PREHISTORIC, DINOSAUR-ERA SHARK FOUND SWIMMING OFF COAST OF PORTUGAL
Updated | The rare frilled shark is considered a “living fossil,” because evidence of its existence dates back to at least 80 million years ago. This summer, researchers found one alive and thriving off the coast of Portugal, adding yet more clues about the resilience of this ancient sea creature.
The shark was discovered off the Algarve coast by researchers who were working on a European Union project in the area, the BBC reported. The aim of the project was to “minimize unwanted catches in commercial fishing,” the researchers told SIC Noticisas TV, as the BBC noted. but the team unknowingly unearthed one of the rarest and most ancient animals on the planet.
Scientists believe the frilled shark has remained the same, both inside and out, since the Cretaceous Period, when the Tyrannosaurus Rex and Triceratops still roamed the planet. The creature, known by scientists as Chlamydoselachus anguineus, is incredibly simple and unevolved, most likely due to the lack of nutrients found in its deep-sea dwellings. A Japanese study of the shark found in Suruga Bay, Japan, revealed that its diet is 61 percent cephalopods—the class to which squids and octopus belong.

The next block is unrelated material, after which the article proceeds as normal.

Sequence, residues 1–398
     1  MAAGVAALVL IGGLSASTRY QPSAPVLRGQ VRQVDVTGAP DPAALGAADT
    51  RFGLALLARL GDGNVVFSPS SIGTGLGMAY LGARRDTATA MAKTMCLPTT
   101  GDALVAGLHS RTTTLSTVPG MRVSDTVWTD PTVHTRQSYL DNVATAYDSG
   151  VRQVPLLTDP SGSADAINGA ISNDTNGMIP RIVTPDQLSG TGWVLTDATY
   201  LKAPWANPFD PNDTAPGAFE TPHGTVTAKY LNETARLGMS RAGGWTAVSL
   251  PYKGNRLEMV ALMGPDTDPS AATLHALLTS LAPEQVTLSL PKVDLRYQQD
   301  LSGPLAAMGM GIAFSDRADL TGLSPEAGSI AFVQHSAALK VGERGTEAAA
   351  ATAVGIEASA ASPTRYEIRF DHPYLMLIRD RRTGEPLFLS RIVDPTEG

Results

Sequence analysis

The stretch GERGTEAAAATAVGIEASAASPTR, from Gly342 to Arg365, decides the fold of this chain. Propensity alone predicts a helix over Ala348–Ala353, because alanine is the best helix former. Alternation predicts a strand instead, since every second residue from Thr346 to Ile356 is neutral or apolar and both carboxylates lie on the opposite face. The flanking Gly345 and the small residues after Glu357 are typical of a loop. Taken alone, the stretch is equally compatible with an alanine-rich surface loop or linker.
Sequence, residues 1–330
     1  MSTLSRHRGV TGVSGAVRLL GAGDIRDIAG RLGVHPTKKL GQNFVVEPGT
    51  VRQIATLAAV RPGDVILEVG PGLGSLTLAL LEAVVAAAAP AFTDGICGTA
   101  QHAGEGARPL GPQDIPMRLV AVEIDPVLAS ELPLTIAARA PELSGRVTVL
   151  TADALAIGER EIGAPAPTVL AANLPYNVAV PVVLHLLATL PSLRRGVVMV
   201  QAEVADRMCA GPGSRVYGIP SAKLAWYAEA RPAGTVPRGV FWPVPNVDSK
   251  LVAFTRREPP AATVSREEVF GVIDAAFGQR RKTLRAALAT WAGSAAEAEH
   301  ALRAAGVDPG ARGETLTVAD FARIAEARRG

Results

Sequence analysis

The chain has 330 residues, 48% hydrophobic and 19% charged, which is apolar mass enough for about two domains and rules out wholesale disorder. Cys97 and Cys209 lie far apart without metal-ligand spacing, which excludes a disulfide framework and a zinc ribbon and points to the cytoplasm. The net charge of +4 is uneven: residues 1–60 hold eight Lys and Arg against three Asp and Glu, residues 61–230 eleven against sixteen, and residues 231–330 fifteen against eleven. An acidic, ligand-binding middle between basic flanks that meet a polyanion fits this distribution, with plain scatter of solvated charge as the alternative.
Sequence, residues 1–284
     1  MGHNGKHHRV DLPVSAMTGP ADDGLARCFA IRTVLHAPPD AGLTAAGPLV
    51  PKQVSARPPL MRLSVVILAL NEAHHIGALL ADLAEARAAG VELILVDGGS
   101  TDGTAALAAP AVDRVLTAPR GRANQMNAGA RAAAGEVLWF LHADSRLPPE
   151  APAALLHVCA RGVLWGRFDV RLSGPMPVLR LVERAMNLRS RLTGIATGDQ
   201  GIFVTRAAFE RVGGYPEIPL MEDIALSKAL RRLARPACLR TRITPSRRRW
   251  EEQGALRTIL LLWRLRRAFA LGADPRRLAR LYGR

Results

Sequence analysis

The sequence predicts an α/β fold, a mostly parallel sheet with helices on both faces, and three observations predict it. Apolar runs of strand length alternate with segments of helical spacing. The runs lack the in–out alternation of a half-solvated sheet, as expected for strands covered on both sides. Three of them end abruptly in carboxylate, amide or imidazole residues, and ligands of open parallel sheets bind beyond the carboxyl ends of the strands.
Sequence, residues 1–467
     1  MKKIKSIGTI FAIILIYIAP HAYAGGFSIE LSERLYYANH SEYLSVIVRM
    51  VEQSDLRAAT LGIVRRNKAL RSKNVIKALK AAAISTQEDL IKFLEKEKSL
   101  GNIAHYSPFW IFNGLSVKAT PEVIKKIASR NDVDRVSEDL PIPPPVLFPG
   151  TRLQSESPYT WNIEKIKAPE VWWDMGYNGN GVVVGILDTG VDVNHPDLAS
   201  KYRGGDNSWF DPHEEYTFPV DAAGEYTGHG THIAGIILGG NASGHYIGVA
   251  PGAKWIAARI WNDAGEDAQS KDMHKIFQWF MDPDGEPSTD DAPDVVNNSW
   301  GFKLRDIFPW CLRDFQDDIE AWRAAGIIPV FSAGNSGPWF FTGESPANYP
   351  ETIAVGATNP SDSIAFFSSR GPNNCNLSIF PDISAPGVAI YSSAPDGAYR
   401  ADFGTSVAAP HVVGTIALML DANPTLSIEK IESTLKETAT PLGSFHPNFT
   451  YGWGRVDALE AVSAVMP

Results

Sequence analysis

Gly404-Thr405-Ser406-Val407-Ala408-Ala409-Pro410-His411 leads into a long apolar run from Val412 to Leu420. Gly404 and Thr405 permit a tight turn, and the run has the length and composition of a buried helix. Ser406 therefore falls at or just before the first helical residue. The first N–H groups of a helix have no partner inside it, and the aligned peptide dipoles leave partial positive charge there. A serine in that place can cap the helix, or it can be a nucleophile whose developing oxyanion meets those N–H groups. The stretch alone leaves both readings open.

This deep sea dweller is usually found between 390 and 4,200 feet below the surface, which is why it’s rarely seen and wasn’t even discovered before the 19th century (despite being around long before humans).
The shark caught this summer measured around five feet in length, but at their longest can be around six-and-a-half feet, IFL Science reported. Another study of a Suruga Bay inhabitant showed that frilled sharks may also have the longest gestation period of any living creature, 42 months.
Its name may sound unfitting for a beast that swims the deep seas, but as Mental Floss explains the frilled shark is named after its gills. Pretty much all other sharks have separate gills, but the frilled shark’s first pair of gills stretch all the way across its throat. In total, the shark has six pairs of gills that have “frilly” edges.
The shark also has a unique mouth shape. Its jaw has more than 300 teeth neatly lined in 25 rows, which, according to professor Margarida Castro of the University of the Algarve, are specifically designed to help it “to trap squid, fish and other sharks in sudden lunges,” The Portugal News reported. It’s lined with spines called dermal denticles, which, combined with the teeth, give the mouth an all around frightening look.
It’s unlikely you will ever come face-to-face with a living frilled shark. But if you do, it’s safe to say: Keep as far away as you can, and whatever you do, try to avoid its ferociously awesome jaw.